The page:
Welcome to another week, Philly. It's beginning to feel a whole lot like fall, and while frost isn't coming to the city quite yet, you may want to keep a jacket on hand. This morning we have our usual bag of good reads from last week, plus an interview with one of our colleagues about a Philadelphian who turned his life around thanks to a No. 2 pencil.
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Each week we'll go behind the scenes with one of our reporters to learn how they reported their latest story and the challenges they faced along the way. This week, reporter Samantha Melamed discusses how she learned about Russell Craig, a North Philly artist who used drawing and painting as an escape while he was in prison, then turned that passion into a successful career as a muralist.
How did you first learn about Russell Craig?
[Inquirer video editor/producer] Raishad Hardnett, my collaborator on this story, learned about Russell's story from contacts at Mural Arts and recognized immediately that it was a story worth telling. Then, fortunately, he convinced me to join him in this project.
What can you tell me about the stigma and hardship people released from prison face? Are success stories like Russell's rare to find or hear about?
There are success stories — and there are also a lot of far more complicated stories. People coming out of prison often struggle with housing, particularly given that they may not be allowed to stay with family in public housing. They face enormous stigma on the job market, particularly as background checks have become more common; there have even been stories of people with records barred from work as home health aides for their own kin.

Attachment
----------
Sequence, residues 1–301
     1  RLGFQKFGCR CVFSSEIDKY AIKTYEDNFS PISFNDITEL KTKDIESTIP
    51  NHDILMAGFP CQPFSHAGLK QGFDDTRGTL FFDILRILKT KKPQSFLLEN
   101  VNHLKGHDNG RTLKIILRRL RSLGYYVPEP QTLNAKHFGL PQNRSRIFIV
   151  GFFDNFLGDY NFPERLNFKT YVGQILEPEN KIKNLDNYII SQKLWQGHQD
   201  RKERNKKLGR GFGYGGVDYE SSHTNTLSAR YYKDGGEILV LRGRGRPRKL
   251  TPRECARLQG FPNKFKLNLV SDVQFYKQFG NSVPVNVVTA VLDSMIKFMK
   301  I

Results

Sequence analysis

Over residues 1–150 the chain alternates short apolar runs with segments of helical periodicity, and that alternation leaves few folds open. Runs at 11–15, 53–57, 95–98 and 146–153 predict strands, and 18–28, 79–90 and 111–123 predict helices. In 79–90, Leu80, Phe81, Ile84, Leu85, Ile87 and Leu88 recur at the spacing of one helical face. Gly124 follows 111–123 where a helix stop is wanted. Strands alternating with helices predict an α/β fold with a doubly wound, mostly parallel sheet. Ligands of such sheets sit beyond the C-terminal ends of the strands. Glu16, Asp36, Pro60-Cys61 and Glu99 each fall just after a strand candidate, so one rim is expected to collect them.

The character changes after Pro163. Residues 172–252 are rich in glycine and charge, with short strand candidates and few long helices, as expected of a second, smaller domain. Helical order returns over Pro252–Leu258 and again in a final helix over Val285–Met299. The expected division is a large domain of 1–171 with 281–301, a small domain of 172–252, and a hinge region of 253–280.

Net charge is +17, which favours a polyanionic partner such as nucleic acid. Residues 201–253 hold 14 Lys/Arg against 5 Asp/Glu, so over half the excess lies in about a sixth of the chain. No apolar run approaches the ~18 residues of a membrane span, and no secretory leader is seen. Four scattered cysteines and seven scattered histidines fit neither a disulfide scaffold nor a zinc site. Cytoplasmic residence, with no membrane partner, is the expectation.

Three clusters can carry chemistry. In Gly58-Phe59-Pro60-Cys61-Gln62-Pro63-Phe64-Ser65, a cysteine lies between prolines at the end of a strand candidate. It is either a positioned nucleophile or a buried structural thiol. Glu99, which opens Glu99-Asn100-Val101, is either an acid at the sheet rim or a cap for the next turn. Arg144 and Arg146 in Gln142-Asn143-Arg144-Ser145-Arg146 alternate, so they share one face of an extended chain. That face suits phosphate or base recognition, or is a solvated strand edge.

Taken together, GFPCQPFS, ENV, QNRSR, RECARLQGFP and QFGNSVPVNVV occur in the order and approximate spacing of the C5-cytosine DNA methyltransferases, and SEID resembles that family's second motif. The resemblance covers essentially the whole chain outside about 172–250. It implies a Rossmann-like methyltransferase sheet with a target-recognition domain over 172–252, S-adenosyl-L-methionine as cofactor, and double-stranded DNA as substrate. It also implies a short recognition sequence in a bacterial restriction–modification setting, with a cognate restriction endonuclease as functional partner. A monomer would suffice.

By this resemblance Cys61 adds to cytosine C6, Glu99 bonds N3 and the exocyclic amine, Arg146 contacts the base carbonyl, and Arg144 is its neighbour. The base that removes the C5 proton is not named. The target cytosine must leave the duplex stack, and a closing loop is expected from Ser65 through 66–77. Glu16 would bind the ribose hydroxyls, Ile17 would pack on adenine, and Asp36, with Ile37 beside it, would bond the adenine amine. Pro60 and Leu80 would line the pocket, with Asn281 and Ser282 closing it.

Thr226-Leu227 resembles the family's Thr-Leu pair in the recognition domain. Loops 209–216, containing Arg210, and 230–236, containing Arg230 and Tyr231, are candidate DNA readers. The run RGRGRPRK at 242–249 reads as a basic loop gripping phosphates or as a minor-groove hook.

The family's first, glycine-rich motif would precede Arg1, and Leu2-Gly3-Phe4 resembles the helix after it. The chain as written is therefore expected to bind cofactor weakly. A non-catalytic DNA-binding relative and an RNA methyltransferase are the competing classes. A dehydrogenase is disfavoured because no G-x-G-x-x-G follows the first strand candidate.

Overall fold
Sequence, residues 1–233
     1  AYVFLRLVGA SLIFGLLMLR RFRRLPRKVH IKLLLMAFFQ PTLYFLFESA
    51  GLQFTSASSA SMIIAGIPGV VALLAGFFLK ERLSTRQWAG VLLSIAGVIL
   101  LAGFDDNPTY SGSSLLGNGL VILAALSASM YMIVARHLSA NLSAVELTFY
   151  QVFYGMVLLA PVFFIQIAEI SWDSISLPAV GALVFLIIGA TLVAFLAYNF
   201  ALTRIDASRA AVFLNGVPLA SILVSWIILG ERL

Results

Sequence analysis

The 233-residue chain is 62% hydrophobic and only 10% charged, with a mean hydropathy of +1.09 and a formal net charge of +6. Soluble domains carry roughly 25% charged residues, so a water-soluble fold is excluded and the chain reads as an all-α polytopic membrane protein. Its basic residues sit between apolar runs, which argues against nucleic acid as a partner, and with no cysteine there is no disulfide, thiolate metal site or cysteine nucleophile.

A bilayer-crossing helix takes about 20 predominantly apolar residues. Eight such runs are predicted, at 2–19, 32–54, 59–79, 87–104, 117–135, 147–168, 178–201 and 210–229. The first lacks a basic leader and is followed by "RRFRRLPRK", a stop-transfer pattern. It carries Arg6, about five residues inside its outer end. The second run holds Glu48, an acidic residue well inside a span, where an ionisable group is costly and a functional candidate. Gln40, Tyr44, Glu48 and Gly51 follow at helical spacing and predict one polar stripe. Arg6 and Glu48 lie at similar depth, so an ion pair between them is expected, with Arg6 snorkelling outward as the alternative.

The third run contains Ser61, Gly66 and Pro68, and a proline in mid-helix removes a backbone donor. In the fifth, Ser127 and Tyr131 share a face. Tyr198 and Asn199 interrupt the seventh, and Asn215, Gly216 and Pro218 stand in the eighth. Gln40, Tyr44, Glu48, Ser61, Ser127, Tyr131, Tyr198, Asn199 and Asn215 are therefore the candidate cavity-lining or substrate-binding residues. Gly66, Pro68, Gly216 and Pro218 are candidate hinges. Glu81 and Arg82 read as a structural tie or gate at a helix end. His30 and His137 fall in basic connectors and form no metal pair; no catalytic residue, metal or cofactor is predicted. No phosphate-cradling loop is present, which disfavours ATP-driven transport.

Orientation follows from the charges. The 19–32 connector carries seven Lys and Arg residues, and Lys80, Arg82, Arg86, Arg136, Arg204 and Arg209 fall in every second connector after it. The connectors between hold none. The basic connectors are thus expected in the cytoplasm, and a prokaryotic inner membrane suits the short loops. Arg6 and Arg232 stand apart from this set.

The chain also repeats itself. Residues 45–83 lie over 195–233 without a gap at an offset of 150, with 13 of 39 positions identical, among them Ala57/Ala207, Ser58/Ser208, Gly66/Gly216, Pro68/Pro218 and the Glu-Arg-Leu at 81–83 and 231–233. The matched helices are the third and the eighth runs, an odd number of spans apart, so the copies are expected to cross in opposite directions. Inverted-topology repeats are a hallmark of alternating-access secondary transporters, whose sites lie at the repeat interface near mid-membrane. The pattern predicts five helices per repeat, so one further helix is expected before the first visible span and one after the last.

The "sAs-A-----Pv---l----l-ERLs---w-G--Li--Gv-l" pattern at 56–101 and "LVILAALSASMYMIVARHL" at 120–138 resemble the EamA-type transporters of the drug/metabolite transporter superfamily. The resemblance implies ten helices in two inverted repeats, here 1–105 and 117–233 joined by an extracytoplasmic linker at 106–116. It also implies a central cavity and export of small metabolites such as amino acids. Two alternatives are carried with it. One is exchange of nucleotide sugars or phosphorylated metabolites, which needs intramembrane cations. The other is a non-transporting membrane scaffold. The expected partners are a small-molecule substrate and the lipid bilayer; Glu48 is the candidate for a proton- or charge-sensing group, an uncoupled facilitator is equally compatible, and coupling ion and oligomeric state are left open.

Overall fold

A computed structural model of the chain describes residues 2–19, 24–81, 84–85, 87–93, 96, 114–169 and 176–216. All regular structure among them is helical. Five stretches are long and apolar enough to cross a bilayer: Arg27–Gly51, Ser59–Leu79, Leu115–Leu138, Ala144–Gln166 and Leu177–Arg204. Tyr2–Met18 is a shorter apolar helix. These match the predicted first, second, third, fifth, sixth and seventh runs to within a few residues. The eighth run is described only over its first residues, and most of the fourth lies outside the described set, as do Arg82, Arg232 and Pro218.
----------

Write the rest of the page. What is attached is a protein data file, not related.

What are some difficulties you face when trying to get someone to open up about their prison experience?
Not everyone wants to think about or be identified with that part of their life. Fortunately, Russell was open to sharing — he gets that it's part of the story that makes him who he is.
What were some new things you learned when writing this profile?
I never imagined there was such a thriving art market in prison! He really made a business for himself selling portraits in prison, and that's what convinced him he could do it on the outside, too.
Halloween is just around the corner. We hope you have a fun time carving out some spooky designs like @rebecca__adams! 🎃
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